3. Calculate the Tax for Each Bracket

    • Break down the annual income into the portions that fit into each tax bracket and calculate the tax for each portion. Then, sum these amounts to get the total annual tax.

  4. Subtract Tax Rebates

  5. Deannualise tax for the year

    • The final annual tax amount is divided by the periods employed to determine the amount of the PAYE deduction for the current periods employed.

  6. Deduct PAYE already paid

    • Deduct the PAYE already paid in the previous periods to get to the current periods PAYE.

Example Calculation:

Periods employed: 61 days Basic Salary: 52000 Pension fund deduction: 2000

  1. Annual Income:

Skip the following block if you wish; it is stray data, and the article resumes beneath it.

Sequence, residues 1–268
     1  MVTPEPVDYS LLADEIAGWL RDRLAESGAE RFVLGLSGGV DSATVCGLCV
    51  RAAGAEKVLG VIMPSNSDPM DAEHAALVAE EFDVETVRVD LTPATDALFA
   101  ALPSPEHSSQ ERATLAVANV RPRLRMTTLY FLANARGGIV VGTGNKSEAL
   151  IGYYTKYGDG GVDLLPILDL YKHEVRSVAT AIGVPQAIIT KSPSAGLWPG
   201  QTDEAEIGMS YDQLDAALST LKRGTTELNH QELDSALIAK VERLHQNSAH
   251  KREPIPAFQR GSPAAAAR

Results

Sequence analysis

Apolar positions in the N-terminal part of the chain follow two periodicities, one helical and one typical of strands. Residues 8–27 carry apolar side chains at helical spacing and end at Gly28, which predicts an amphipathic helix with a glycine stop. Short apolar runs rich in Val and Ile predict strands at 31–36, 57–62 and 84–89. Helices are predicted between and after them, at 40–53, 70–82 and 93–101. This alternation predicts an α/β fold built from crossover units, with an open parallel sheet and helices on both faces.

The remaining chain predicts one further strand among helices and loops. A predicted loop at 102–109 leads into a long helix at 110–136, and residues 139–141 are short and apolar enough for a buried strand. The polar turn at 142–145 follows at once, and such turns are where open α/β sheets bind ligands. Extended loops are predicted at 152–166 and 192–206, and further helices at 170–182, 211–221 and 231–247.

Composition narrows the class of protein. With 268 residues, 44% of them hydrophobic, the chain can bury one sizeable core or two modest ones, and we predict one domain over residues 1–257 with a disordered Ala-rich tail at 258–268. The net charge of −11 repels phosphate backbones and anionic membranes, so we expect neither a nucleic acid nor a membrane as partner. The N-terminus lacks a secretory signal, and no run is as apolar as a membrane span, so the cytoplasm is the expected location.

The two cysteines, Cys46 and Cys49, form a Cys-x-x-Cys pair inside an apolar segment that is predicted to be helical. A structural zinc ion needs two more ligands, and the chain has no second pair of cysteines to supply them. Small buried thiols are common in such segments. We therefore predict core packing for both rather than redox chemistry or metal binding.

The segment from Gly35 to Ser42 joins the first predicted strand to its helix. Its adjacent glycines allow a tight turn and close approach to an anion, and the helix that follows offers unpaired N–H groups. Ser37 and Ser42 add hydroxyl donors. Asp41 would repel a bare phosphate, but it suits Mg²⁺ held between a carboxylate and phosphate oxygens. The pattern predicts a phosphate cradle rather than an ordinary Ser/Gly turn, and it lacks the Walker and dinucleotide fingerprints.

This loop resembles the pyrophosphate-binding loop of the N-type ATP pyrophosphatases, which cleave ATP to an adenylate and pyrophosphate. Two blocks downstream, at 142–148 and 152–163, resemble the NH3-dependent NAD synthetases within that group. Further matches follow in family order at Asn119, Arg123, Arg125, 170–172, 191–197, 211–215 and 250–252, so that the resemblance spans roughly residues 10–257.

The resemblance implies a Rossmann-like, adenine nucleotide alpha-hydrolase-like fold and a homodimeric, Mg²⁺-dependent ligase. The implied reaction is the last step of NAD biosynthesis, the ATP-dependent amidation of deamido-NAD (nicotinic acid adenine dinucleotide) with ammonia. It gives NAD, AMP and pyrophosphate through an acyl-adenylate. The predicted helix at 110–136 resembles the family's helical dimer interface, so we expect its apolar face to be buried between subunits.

• R52000 - R2000 / 61 x 366 (this tax year is a leap year)

    • Annual income - R300,000

  2. Apply Tax Brackets:

    • This employee’s annual income falls in the R216,200 - R337,800 tax bracket

    • We deduct the closing portion of the previous bracket from the annual income, then multiply it by the % of the bracket and add the tax already calculated in the previous bracket: R300,000 - R216,200 = R83,800 x 26% = R21,788 + R38,916 = R60,704

  3. Subtract Rebates:

    • R60,704 - R17,235 (primary rebate) = R43,469

  4. Periods employed PAYE:

    • R43,469 / 366 * 61 = R7,244.83

    • Deduct PAYE already paid:

      • R7,244.83 - R3,681 (tax paid in previous period) = R3,563.03

      • So, this periods PAYE deduction for an annual income of R300,000 would be approximately R3,563.03

Since our system allows you the flexibility to adjust the end date of your period, our PAYE calculations uses the days employed in its calculation to determine the periods employed. This could cause a slight difference in the PAYE calculation in certain months if you compare it to PAYE calculations that use full periods - but the yearly calculation will remain the same.